Originally created 01/27/99

Smith looking for win, recognition for team



MIAMI -- Defensive end Chuck Smith knows the name "Bomb Squad" for the Falcons' front four hasn't caught the attention like the "Steel Curtain" once did for the Steelers or the "Purple People Eaters" did for the Vikings.

But he's not giving up hope of marquee billing just yet.

"The winner gets the spoils," said Smith of Sunday's meeting with Denver in Super Bowl XXXIII. `And, if we win we will finally get some recognition for it. I'm telling you this is the best defensive line in the NFL."

There's not a whole lot of support for Smith's assessment among NFL scouts or fans, but the Falcons probably picked up a few votes for his cause after the team's 30-27 victory over the Vikings in the NFC Championship game.

The motley crew including Smith, fellow end Lester Archambeau and tackles Travis Hall and Shane Dronett, controlled the biggest and perhaps the best offensive line in the NFL, which includes three NFC Pro Bowlers in center Jeff Christy, left tackle Todd Steussie and left guard Randall McDaniel.

"We should have some respect after doing what we did to Minnesota," Smith said. "We banged them around pretty good. We can play against anyone, big or small. We just go after people and give it all we got."

The Falcons couldn't have picked a better opponent to test themselves.

Denver went into last year's Super Bowl, with its under-sized line, and ran over and through the defending champion Green Bay Packers to secure the team's first NFL championship. Now, the Broncos are back for an encore.

Leading the way, is Terrell Davis, the former University of Georgia Bulldog, who became the fourth person in NFL history to run for more than 2,000 yards during the regular season while also earning the league's MVP award.

"We feel like we can stop almost everybody," Hall said. "You are not going to hold Denver to nothing. We are going to have a much better chance of winning this football game as long as (Davis) doesn't have a monster day."

The Falcons don't have to look back very far to figure that out.

On Dec. 21 at Pro Player Stadium -- the site of Sunday's game -- Davis was held to a season-low 29 yards on 16 carries by the Dolphins, who won 31-21. Davis has averaged 161 yards a game in team's three wins since then.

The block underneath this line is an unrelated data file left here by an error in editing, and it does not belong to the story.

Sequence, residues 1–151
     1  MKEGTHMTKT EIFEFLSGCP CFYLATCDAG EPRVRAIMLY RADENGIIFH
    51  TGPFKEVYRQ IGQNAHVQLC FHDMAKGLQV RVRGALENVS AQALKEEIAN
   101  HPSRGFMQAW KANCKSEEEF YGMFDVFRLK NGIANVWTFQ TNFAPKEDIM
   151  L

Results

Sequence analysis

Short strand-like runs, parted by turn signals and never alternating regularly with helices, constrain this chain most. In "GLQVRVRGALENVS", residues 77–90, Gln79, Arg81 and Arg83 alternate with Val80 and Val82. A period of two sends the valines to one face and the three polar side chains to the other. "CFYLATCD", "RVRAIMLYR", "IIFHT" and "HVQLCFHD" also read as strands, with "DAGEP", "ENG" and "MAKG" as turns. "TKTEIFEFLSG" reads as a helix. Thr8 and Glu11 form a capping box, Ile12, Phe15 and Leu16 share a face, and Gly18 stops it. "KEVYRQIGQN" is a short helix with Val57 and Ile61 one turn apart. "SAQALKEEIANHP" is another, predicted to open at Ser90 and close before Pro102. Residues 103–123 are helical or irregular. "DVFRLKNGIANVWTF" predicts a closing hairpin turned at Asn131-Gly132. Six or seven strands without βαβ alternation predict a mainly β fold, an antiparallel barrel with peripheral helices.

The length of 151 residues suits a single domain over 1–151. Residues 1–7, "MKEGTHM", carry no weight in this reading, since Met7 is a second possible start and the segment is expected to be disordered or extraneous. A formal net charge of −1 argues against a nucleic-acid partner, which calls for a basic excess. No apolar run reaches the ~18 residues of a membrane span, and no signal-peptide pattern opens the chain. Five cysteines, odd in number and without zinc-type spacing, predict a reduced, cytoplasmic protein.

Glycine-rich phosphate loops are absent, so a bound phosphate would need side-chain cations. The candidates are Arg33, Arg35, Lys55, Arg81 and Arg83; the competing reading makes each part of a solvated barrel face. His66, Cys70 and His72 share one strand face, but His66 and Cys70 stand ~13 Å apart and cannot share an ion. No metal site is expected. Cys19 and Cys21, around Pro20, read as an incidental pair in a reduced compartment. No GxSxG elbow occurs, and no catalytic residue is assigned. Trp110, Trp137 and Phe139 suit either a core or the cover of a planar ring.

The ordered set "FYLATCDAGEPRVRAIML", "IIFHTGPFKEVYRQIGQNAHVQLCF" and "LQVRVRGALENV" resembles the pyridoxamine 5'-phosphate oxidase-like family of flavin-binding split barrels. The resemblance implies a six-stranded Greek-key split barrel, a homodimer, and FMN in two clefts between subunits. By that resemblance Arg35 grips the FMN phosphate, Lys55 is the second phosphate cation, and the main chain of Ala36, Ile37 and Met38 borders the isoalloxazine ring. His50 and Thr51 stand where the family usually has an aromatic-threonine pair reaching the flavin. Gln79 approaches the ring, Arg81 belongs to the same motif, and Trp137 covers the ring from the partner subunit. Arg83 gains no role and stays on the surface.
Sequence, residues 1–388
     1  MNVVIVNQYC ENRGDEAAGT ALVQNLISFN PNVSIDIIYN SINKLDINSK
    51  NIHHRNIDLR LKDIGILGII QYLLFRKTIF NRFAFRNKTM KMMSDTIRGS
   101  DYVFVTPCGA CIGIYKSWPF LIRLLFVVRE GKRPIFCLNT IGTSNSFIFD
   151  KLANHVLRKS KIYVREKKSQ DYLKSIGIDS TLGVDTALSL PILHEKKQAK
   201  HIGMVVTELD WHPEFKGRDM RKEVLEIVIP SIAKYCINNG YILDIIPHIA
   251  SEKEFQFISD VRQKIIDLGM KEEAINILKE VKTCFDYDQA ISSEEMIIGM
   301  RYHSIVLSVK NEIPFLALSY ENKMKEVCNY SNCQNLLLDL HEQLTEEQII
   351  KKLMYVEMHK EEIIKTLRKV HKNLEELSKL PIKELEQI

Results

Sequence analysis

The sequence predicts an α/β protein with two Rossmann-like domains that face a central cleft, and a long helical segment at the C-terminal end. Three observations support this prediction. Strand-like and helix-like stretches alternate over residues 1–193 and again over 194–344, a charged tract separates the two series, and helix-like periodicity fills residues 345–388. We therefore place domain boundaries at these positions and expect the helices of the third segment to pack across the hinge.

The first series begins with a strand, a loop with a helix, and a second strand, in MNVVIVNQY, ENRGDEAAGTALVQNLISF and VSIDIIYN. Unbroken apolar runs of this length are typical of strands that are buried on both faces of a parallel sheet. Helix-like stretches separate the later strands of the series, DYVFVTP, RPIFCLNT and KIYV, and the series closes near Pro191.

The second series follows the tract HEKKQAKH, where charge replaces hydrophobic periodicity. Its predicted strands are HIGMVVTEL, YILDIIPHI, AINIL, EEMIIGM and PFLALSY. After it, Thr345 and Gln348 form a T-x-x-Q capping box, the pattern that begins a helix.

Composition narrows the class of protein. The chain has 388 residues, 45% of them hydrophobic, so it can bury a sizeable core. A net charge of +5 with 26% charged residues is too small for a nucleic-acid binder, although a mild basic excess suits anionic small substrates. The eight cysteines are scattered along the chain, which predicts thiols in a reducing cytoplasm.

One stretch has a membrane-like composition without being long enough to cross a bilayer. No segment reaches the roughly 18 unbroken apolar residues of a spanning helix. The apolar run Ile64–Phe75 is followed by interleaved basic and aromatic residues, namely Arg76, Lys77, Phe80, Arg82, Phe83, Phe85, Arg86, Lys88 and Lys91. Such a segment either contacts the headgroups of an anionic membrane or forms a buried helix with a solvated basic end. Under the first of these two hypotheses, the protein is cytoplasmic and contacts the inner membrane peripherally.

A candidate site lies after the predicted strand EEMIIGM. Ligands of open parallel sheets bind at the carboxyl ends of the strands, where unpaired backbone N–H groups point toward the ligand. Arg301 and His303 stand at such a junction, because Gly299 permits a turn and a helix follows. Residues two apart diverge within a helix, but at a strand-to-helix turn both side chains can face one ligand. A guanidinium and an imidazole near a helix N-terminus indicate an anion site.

The Falcons, who finished second in the NFL this year in run defense by allowing only 75 yards a game, believe they are up to the task.

"We are just going to play defense like we have all year," Hall said. "We have been able to stop running backs all season. We feel if we play the defense that we are capable of playing, everybody taking care of their responsibility and gaps, we can stop him. We can contain him."

And that's from a quartet including a Pro Bowl bride's maid in Smith, a veteran who toiled in obscurity in Archambeau, a native Alaskan in Hall and Dronett, who was rescued off of the NFL scrap heap by coach Dan Reeves.

"They call Chuck an under-sized defensive end," Archambeau said. "The guy plays strong against anybody. Shane is good at stopping the run and getting in the backfield. Travis is another prototype. He is 6-5, 300. The guy can run. He is quick and fast. They say he is going to be next the Howie Long. The guy is that good.

"Playing with three other guys like that on the defensive front makes my job easier. They can't key on anyone of us. They have to worry about our tackles inside, which frees up Chuck and I. Anytime you have an entire group that plays well it lifts everybody's play."

And if the four of them can help lift the Falcons on Sunday, the "Bomb Squad" may finally get rewarded by blowing up the Broncos' repeat bid.